For centuries, world-class handmade pewter has been at the heart of the Danforth family tradition.

 

In 1755, in what was then still a British colony, Thomas Danforth II opened a pewter workshop in Middletown, Connecticut. He quickly gained popularity for his well-made household goods, such as plates, cups, and teapots – all items that were commonly made of pewter in those days. While the wealthy ate and drank out of glass and porcelain, which were breakable and expensive, working folks used pewter for their everyday items because it was affordable, and better yet, it lasted. Pewter doesn't tarnish, rust, or break, making it an ideal material for frequent use.

 

Thus was born not only the Danforth tradition of working pewter by hand, but also the core values that have remained the lifeblood of the business: sustainability, quality, and timelessness.

 

Thomas passed the family business down to his children, who passed it along through the generations for over a century. Pewter continued to be a popular material until the late 1860s, when it suddenly fell out of style. Chinese imports made glass and porcelain more affordable for the working class, causing a massive shift away from pewter. The last of the first line of Danforth artisans, Thomas Danforth Boardman, worked in his pewter shop until he died in 1873.

 

For the next one hundred years, the Danforths’ metalworking tools lay dormant. But in 1975, something remarkable happened that would give new life to the tradition.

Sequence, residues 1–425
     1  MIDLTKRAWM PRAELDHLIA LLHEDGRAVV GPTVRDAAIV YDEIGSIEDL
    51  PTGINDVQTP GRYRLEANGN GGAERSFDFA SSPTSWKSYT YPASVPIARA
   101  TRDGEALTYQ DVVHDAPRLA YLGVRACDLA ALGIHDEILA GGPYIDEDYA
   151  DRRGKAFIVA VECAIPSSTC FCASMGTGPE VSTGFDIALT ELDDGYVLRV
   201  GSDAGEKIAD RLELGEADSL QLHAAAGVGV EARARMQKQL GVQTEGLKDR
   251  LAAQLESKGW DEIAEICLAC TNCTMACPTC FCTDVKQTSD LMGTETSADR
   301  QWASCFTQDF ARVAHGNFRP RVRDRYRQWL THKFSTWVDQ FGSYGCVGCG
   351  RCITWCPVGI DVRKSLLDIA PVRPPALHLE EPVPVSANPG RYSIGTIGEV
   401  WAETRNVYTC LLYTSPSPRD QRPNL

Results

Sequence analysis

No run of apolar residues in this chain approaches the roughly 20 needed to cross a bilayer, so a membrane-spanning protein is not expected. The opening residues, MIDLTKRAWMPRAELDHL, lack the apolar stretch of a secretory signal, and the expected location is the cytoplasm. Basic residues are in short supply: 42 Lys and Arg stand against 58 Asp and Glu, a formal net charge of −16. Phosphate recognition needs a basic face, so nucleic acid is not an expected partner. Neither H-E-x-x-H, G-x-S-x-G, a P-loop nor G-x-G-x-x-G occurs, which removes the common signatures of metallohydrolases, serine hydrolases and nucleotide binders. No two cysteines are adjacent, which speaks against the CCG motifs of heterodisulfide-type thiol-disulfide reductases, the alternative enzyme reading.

Growing up in Ohio, Fred Danforth aspired to be a talented craftsman – though he believed his calling was in woodworking, not pewter. After moving to Vermont in his 20s, Fred met Judi Whipple, a fellow Vermont artist with a metalworking background and a passion for crafting pewter. Judi was so passionate about the metal that she even knew of the early Danforth pewter makers– and so was curious to find out whether Fred, their descendent, intended to rekindle the tradition.

 

Perhaps it was fate that intervened the day Judi told Fred that as a Danforth, he simply had to try working with pewter. Either way, it didn’t take him long to be convinced. The couple traveled to Nova Scotia to apprentice with pewter artisans, and then returned to Woodstock, VT, where they opened a workshop in an old dairy barn. From the start, both Fred and Judi designed and made their own creations. Eventually, combining Judi’s talent for carving models for jewelry and ornaments and Fred’s love of spinning holloware, they grew into their respective specialties. The business quickly became known for its one-of-a-kind oil lamps, jewelry, tumblers, picture frames, candlesticks, and other timeless heirlooms.

 

This was the birth of a new Danforth Pewter.

 

From day one, Danforth Pewter has been a family-run, family-like business with a passion for working metal by hand. Some of the pieces made by colonial and early American Danforths now live in the Smithsonian, Boston’s Museum of Fine Arts, the Winterthur Museum in Delaware, the DeWitt-Wallace Museum in Colonial Williamsburg, and many other historical museums. 

 

Today, Danforth Pewter carries out Judi and Fred’s vision, staying true to the family’s original values of sustainability and authentic, handmade artistry while bringing in new talent to design and explore the versatile properties of pewter. Every item at Danforth Pewter is made in our Vermont workshop by our small team of master metalworkers, receiving personal attention as it's shaped from raw pewter to the beautiful object you hold in your hands.

 

To learn more about Danforth Pewter, we invite you to visit our workshop in the heart of Middlebury, VT, or any of our stores along the Eastern Seaboard. (For a full list and directions, click HERE.) Stay in touch by signing up for our newsletter, where you’ll be the first to know about special offers, and how to earn rewards with our Pewter Points program.

 

To read about our company values, the steps we’re toward zero-emissions sustainability, and our extensive collection of handcrafted pewter gifts, click HERE.

 

 
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